Define your terms
Insurance can be complicated if you’re not familiar with the terms. Here’s a refresher:
Arkansas Works – formerly called the Private Option, uses federal funds earmarked for Medicaid expansion to buy private health insurance for Arkansans whose income is up to 138 percent of the federal poverty level (FPL). This may be reduced to 100 percent of the FPL in 2018 if the federal government approves a waiver from the state.
Co-payment co-pay or co-insurance – is a fixed amount that you have to pay, out of your own pocket, for a service. You pay co-pays at the time you receive the service.
Covered services, excluded services and annual limits on services – means the services your insurance policy will – or will not – pay for, or the amount of services you can receive in one year, in the case of annual limits on services.
Deductible – the amount you have to pay, out of your own pocket, before your insurance starts paying. Eighty/20 percent is common among insurance coverage and means you pay 20 percent of the costs (your deductible) before the insurance pays 80 percent.
Employer sponsored insurance (ESI) – the health insurance you get from your job. If this type of insurance is available to you and you do not enroll, you cannot enroll in the other types of insurance (ACA or Medicaid).
Formulary – a list of the medicines your health plan will cover. This list can change frequently and you may be required to use a generic version of your drug unless your doctor indicates brand name only.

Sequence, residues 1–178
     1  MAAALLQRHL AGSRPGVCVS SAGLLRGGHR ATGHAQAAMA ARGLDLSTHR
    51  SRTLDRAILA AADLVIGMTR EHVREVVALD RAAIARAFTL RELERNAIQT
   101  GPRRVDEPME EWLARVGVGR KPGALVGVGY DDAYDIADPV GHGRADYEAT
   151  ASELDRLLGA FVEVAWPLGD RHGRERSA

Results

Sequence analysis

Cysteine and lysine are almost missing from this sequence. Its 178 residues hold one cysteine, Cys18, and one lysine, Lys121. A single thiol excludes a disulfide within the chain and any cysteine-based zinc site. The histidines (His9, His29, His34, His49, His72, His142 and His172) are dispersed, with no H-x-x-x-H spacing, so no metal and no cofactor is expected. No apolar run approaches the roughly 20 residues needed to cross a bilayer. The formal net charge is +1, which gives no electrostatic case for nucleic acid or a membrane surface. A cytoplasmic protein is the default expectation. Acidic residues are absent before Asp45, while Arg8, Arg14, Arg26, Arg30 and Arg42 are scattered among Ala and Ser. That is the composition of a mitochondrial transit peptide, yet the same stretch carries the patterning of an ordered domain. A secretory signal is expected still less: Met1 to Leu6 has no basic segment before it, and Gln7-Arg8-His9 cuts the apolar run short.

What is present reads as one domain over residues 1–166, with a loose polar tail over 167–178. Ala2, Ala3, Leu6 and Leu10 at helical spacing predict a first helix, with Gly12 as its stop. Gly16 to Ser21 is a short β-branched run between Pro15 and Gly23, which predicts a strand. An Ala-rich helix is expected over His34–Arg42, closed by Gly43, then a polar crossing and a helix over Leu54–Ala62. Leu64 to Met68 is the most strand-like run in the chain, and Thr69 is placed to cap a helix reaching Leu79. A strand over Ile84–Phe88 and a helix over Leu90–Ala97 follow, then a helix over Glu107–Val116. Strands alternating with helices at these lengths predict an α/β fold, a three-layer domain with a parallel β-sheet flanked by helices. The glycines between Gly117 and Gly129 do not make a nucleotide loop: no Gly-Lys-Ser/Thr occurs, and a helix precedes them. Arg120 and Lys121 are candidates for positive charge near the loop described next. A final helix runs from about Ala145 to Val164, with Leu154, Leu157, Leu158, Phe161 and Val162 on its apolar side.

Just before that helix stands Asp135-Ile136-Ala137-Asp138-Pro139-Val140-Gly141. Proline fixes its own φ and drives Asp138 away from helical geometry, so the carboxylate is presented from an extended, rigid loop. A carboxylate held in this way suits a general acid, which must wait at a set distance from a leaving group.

Maximum annual out-of-pocket spending – a limit on what you have to pay out of your own pocket. If your health care costs exceed this amount, the insurance company starts paying 100 percent, after you have paid your deductible amount.
Medicare Advantage (MA) plans – also called Part C Medicare, are sold by private insurance companies to cover your Medicare parts A and B. Most of the plans also include Medicare supplement coverage and prescription drugs. This means you have only one premium to pay and don’t have to get a separate Part D plan and/or medigap plan. Some plans provide extra benefits like dental, vision or gym membership. However, MA plans cost more than Original Medicare.